The fact that the small mobile DACs and headphone amplifiers cannot keep up with stationary devices should be well known due to their size and the associated technical limitations. But since I own some Beyerdynamic headphones myself as well as the A20 as a headphone amplifier, I was quite curious about the comparison. After all, they also advertise the Impacto Universal as a device that is specially adapted to their own product portfolio.
The review sample is a retail product that was purchased privately and provided to me by the community unopened and in its original packaging. Since I like to use such devices myself, I was even more curious to see if there was a difference to similarly designed devices with the same chip, which by the way can be found in well-stocked online stores starting at about 80 Euros. Because one thing has to be said first, when it comes to the evaluation of optics, haptics and functionality: with 379 Euros the Impacto Universal is definitely not a cheap offer. That’s setting the bar pretty darn high.
What is Hi-Res Audio?
This almost worthless bogus label is currently stuck pretty much inflationarily on everything that even has a plug. For those interested: it is not HRA (High Resolution Audio), but the similarity has certainly not been chosen so unintentionally. It’s a bitch to… The JAS (Japan Audio Society), as the leading organization behind the Hi-Res label used by Sony for the first time years ago on its own turntable, stipulates for analog devices, for example, that a “performance of 40 kHz or above” must be achieved for amplifiers (which is what we are talking about). This label is also not “awarded”, you have to pay for it. So you just buy into it.
Furthermore, the JAS does not say anything about the actual reproduction quality and the required parameters, but merely raises the upper limit of the frequency range to twice that of conventional amplifiers, without, however, specifying any tolerance limits. What sounds really good in the end is up to each company to decide: “Listening evaluation process is added and final decision as Hi-Res Audio product to be proven according to each company’s sound evaluation standard“. So basically absolutely worthless and a shame about the ink. The fact that such a traditionally oriented company would indulge in such marketing stunts was the first disappointment.
Scope of delivery and accessories
The Impacto’s use in the mobile sector can also be seen in its accessories. There are even two versions: the Impacto Essential, which only works with Android devices with USB OTG as well as PCs and laptops for 329 euros, and the Impacto Universal from this review for a hefty 379 euros, which is also compatible with mobile Apple devices and comes with a battery pack. Besides the two Apple cables, you get a USB-A to C cable (notebook, PC) or a pure USB-C cable (Android, PC, notebook). The Li-Ion battery pack with the specified 2.85 Wh is also available.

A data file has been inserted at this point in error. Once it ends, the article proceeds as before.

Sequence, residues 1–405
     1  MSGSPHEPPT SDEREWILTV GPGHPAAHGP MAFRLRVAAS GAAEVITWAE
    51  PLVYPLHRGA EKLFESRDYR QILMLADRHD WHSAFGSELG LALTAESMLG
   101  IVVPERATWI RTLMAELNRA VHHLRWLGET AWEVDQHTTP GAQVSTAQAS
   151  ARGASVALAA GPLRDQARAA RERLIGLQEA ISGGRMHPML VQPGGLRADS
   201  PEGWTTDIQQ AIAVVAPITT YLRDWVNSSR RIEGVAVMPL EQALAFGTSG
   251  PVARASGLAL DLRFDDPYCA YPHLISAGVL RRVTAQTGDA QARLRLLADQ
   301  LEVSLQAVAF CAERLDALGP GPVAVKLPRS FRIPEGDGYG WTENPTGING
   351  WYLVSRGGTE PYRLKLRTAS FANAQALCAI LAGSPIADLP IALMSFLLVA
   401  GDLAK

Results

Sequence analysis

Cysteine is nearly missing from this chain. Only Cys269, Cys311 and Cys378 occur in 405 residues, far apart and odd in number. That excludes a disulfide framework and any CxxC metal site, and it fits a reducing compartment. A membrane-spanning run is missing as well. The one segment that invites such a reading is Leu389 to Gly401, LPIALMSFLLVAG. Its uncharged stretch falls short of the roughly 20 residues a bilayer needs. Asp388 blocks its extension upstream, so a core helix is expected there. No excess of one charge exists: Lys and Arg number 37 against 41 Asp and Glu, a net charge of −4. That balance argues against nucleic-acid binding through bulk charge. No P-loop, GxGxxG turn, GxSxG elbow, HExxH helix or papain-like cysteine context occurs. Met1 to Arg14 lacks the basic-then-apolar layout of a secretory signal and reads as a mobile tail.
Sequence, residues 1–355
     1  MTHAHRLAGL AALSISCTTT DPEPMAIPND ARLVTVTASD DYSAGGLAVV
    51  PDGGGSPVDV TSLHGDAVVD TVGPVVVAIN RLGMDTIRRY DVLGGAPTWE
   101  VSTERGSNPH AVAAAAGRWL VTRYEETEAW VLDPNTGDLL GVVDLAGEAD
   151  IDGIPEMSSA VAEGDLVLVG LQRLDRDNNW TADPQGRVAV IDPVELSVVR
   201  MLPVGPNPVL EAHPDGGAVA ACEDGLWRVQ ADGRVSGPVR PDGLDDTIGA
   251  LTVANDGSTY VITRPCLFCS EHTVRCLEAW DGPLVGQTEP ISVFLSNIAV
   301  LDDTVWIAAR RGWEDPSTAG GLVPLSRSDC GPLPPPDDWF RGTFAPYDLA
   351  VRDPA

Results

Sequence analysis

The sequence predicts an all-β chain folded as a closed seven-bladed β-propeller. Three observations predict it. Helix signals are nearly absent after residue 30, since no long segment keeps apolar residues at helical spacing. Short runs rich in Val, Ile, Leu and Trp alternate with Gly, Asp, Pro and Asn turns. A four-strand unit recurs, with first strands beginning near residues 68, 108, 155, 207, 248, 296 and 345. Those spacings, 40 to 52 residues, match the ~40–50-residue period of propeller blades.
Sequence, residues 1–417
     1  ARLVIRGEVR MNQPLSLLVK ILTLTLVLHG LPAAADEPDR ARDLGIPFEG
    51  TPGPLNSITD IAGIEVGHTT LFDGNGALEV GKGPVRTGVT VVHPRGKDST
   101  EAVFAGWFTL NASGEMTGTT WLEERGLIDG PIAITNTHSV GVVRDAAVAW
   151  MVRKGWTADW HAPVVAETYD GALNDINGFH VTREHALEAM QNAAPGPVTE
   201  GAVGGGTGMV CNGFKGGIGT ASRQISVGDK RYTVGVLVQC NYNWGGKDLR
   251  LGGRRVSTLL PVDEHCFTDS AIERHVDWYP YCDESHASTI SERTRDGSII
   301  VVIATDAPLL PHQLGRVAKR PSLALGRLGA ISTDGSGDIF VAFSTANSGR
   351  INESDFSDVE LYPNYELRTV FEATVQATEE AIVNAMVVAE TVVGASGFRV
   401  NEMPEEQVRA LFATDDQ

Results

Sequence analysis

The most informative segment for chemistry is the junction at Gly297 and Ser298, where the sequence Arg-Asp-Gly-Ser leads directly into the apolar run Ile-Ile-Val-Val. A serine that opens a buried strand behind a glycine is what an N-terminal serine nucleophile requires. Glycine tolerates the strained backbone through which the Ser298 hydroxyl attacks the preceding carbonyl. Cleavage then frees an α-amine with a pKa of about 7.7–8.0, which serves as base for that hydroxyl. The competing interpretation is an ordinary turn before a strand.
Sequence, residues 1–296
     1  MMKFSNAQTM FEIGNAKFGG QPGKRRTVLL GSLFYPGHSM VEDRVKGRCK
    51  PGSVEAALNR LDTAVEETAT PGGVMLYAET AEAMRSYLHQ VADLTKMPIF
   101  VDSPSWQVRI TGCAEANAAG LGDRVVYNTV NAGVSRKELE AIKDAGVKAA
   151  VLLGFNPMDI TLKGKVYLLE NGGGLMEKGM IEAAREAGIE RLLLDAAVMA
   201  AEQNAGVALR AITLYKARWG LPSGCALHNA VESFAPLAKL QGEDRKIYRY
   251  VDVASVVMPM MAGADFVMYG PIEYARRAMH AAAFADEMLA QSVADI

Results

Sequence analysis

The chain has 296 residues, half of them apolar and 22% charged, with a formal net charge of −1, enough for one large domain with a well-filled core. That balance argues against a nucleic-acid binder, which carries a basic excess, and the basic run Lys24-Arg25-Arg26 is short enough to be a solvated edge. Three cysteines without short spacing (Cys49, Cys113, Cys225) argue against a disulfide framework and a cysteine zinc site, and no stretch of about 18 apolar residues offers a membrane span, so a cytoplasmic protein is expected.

Furthermore, if you don’t own any suitable headphones from Beyerdynamic, you should treat yourself to the additional adapter, which merges the two jack plugs at the output back into a 3.5 mm stereo output. They fit without adapter directly into headphones like my Amiron Home or T5 and replace the long connection cable, but these two cables are with the almost 40 cm then again a bit too short. That will catch on the unfolded table when sitting on the plane and tear off if the carrier significantly exceeds the Asian grade body measurement. The 10 cm more would have been also still in it.
The magnetically clipable battery pack is actually a must when operating on the smartphone. It is supposed to go without, but on the P30 Pro this was not possible, despite USB OTG. You need a fully charged pack to be able to really use the sound. Then the whole thing weighs about 50 grams (instead of 12 grams) without the cable, but is still pleasantly light. Beyerdynamic writes of approx. 5 hours of battery operation, which can even be achieved when listening rather quietly. Otherwise, about 3.5 hours of party use are possible after the ample 4 hours of charging time. More is not possible and a quick charge function is unfortunately also not available.
The body is made as a monoblock, i.e. everything is completely glued or welded and later covered with rubber coating. Haptically this is a disaster from my point of view, visually unfortunately as well. You should really zoom in on the image below to understand the issue. The device in the photo was taken out of the packaging in exactly this condition and I don’t want to know what it looks like after a week. It also feels plenty sticky, which is actually a no-go haptically in this price range. Once again as a reminder: 379 euros are due for this and it is the second disappointment.
The operation via the backlit keypad is intuitive and self-explanatory, the rest is standard for the class.
The technology inside: the ESS SABRE9018Q2C